Sometime around my early to mid-thirties, I decided I needed to make some changes in my life. I was a fulltime mother and housewife at the time. And I was more than happy to continue doing that indefinitely. I absolutely loved, and still do, taking care of my children and managing the household. But I had come to the realization, observing my and my siblings relationships with my own parents, that children grow up and go on to have their own lives. If I didn’t find something to occupy my time, in addition to my children, a day will come when I will feel very alone. I was also feeling a need to be financially independent. At the time, my thinking on the matter wasn’t feminist in the slightest. I wasn’t thinking that I needed to be my own independent person and part of that independence was my financial independence. I simply wanted to have enough money to buy a nice shampoo every now and then without my husband complaining about how I was spending “our” money. And I wanted to be able to get my children nice things when I wanted to.
Shortly after I came to these realizations, I began to work. Becoming a career woman radically changed my life. I was exposed to different kinds of people and ideologies. I learned new skills. I began to see the world, really see it, in a whole new light, rather than watch it move by while I was sitting on the sidelines. I found passion beyond my original passion for motherhood. Not only did I want to bring up well-rounded children, but now I also wanted to play a role in changing my country, my region, and even the world to be a better place to live in. I realized that didn’t necessarily mean that I had to be involved in politics or in huge developmental projects. If I focused on being the best I could be at my job, and helping others in my field do really well in theirs, I would be making my small corner of specialty journalism just a little better and thus also those audiences who were affected by it.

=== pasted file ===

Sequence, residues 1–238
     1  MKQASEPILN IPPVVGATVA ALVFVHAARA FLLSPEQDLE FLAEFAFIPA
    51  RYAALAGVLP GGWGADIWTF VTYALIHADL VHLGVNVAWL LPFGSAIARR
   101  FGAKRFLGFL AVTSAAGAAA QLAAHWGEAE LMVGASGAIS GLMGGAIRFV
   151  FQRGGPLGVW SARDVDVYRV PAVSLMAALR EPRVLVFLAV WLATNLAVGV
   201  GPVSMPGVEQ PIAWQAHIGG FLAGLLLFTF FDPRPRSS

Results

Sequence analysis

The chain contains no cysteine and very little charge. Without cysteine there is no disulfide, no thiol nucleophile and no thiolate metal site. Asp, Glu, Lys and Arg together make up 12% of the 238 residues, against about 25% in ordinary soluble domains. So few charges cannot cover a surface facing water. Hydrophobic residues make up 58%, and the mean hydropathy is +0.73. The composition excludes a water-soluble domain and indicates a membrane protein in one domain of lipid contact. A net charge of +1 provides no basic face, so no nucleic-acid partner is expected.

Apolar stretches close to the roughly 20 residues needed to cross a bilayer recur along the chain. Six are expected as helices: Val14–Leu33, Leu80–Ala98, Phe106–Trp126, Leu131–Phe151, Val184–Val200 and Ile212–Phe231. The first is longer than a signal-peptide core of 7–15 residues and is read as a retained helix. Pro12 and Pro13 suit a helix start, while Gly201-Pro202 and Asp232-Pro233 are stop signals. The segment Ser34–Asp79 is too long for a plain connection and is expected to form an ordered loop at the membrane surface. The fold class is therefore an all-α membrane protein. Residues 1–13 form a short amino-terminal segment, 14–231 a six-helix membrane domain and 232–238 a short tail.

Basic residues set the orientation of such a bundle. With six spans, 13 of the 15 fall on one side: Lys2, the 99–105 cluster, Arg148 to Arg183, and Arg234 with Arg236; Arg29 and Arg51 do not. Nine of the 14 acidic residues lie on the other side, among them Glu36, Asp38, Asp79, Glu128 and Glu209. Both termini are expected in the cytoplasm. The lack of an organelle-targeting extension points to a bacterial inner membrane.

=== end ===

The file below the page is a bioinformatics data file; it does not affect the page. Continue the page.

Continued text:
Around the same time I began considering work, I also looked internally. My body was no longer what it used to be. Age and four children had paid its toll. I didn’t have the same energy I had when I was younger. Simple things, like walking up a few flights of stairs, were laborious. A good university friend of mine suggested I join her at our local gym. The thought otherwise may never have occurred to me. Going to the gym was not something that anyone I knew was doing. It wasn’t part of my “culture”.
It took years for me to reach the stage of incorporating exercise into my daily/weekly routine. It’s one of the most difficult things in the world to do: getting a relatively lazy and weak body accustomed to daily, rigorous activity. It requires a tremendous amount of willpower and determination. Even today I need to actively talk myself into getting in that all-important one hour of hard physical exertion. The difference, now, is that I can see the benefits. I am in better physical shape and fitness than I have ever been in my life. I am able to do things that I never before even imagined I could or would do. And by keeping up the routine, my body and my mind feel more alive than ever.
Working, making money, and being physically fit all allowed me to start travelling, seeing the world, meeting new people, and engaging in new activities. It all began simply because I could. I figured that I might as well. But as I became exposed to new things, my senses began to open and my life will never be the same.